CSS Examples Tableless forms using CSS

Date: 02/10/2005 Tableless forms using CSS

Author: CSS Drive

This CSS example transforms a conventional form so it's tableless. A form that doesn't use tables for its layout is much more lightweight and semantically correct.

The CSS:

<style type="text/css">

float: left;
width: 120px;
font-weight: bold;

input, textarea{
width: 180px;
margin-bottom: 5px;

width: 250px;
height: 150px;

width: 1em;

margin-left: 120px;
margin-top: 5px;
width: 90px;

clear: left;




<label for="user">Name</label>
<input type="text" name="user" value="" /><br />

<label for="emailaddress">Email Address:</label>
<input type="text" name="emailaddress" value="" /><br />

<label for="comments">Comments:</label>
<textarea name="comments"></textarea><br />

<label for="terms">Agree to Terms?</label>
<input type="checkbox" name="terms" class="boxes" /><br />

<input type="submit" name="submitbutton" id="submitbutton" value="Submit" />


By floating the "label" tag to the left, the text description of each form field appears to the left, resulting in a "two column" look for the form. The width of the "label" is controlled, so it will comfortably contain the longest text description in the form. I throw in a <br> tag with "clear: left" after each form field to prevent the floating <label> tag from potentially spilling over to content beneath it. Margins such as "margin-top" and "margin-bottom" are also used to add some nice margins between form fields.

Comments (108)

"A form that doesn't use tables for its layout is much more lightweight and semantically correct." well, that really depends on the composition of your markup. furthermore, a table-less document may be burdened by an excessively long style sheet (load time). anyway, i'm more interested in your last remark regarding semantics. so-called semantic correctness is context dependent, i.e., syntactically grounded. at least on the surface, linguistic syntax varies (although our underlying thought processes may be equivalent across languages). the structure of a sentence contributes to the meaning of that sentence (within its language) and as such, may be meaningless in another context (even within the same language). take for example the sentence 'Smith went to hospital'. syntactically, it is incorrect in American English but correct in British English. the sentence meaning of the former is inherently incorrect whereas the same of the latter is correct. the point being, whatever your markup (and whatever your class nomenclature), the meaning of that markup is context dependent. thus, correctness only applies from within the rules (however fluid) governing the markup. since the rules governing divs differ than that of tables, it is misleading to call the latter incorrect from the former context.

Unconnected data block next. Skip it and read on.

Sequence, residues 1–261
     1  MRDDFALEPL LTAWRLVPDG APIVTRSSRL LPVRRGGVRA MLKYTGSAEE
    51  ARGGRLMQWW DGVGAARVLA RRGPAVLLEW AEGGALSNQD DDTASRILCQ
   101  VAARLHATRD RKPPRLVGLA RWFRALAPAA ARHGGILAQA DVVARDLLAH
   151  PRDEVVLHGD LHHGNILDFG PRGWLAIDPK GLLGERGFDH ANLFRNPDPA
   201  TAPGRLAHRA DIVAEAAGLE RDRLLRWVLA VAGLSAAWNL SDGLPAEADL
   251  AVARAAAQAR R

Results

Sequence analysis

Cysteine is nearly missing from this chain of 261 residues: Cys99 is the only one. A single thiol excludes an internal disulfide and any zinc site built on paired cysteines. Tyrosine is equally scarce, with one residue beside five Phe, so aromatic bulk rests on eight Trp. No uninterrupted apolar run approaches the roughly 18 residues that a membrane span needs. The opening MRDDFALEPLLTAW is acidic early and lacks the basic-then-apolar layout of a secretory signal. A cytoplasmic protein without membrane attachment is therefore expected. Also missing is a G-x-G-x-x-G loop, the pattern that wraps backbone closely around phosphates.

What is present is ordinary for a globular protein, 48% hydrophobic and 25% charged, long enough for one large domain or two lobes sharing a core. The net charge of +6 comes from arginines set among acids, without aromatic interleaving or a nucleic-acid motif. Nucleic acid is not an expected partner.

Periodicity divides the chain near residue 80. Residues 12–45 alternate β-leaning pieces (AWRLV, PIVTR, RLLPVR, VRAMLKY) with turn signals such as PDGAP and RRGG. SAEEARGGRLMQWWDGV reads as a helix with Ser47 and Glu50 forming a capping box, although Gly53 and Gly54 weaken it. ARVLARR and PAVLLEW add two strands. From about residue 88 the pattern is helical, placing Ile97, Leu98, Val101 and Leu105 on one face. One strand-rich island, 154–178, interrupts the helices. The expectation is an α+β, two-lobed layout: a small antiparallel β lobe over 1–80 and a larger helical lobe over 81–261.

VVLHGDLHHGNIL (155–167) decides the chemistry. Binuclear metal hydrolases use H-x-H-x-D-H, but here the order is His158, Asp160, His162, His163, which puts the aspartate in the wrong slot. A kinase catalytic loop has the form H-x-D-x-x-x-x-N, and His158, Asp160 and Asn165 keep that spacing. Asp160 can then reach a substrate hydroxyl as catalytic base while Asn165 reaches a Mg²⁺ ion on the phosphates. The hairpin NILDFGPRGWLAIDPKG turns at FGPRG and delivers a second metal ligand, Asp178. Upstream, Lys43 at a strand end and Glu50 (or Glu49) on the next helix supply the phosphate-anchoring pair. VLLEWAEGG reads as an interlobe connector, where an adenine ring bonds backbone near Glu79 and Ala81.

#1: David on 11/17 at 05:15 PM

Oi. Very good the site. I explained my many doubts, but I have a problem!
How do I get the message that the visitor wrote go to my e-mail box?
Will someone help me?
If possible run here, as I do!

#2: oseas on 11/26 at 06:58 PM

This was very helpful for me since I was trying to keep certain fields together in the form. Thanks again!

#3: trademark registration on 11/27 at 04:05 AM

Thanks Very Much, It worked - Perfectly!

#4: Paul Dawson on 01/24 at 11:43 AM

good to use

#5: Jagan on 02/11 at 02:35 PM

The attribute given above is required for an element that you've used, but you have omitted it. For instance, in most HTML and XHTML document types the "type" attribute is required on the "script" element and the "alt" attribute is required for the "img" element.

Typical values for type are type="text/css" for <style> and type="text/javascript" for .
If this problem, how to solve the problem? Thank you!

#6: pingpong on 03/06 at 02:09 AM

lol ... would be great if it was cross browser compatible and didn't require all that picky BS that comes with CSS. put your forms in tables, its simple and it works in every browser.

CSS is for fonts, links, colors, backgrounds and the odd formatted div tag, give it a rest already!

#7: Luke on 03/19 at 03:18 PM

Luke, I hope your not serious. CSS is for the separation of presentation from content, so future browsers or updates will be easy, and not require a double edit.

Tables are for .... tables, and tabular data. Leave them there, or you'll run into major problems in the future.
It's 2008 already, quit with the excessive table use.

#8: Brett on 03/25 at 12:44 AM

Excellent example. Ill try this out.

#9: fundraising on 04/01 at 10:43 PM

Wow! This was perfect! I've been struggling with CSS...your examples helped make sense out of it! Thanks guys! You're terrific!

#10: Laurie on 04/22 at 11:44 AM
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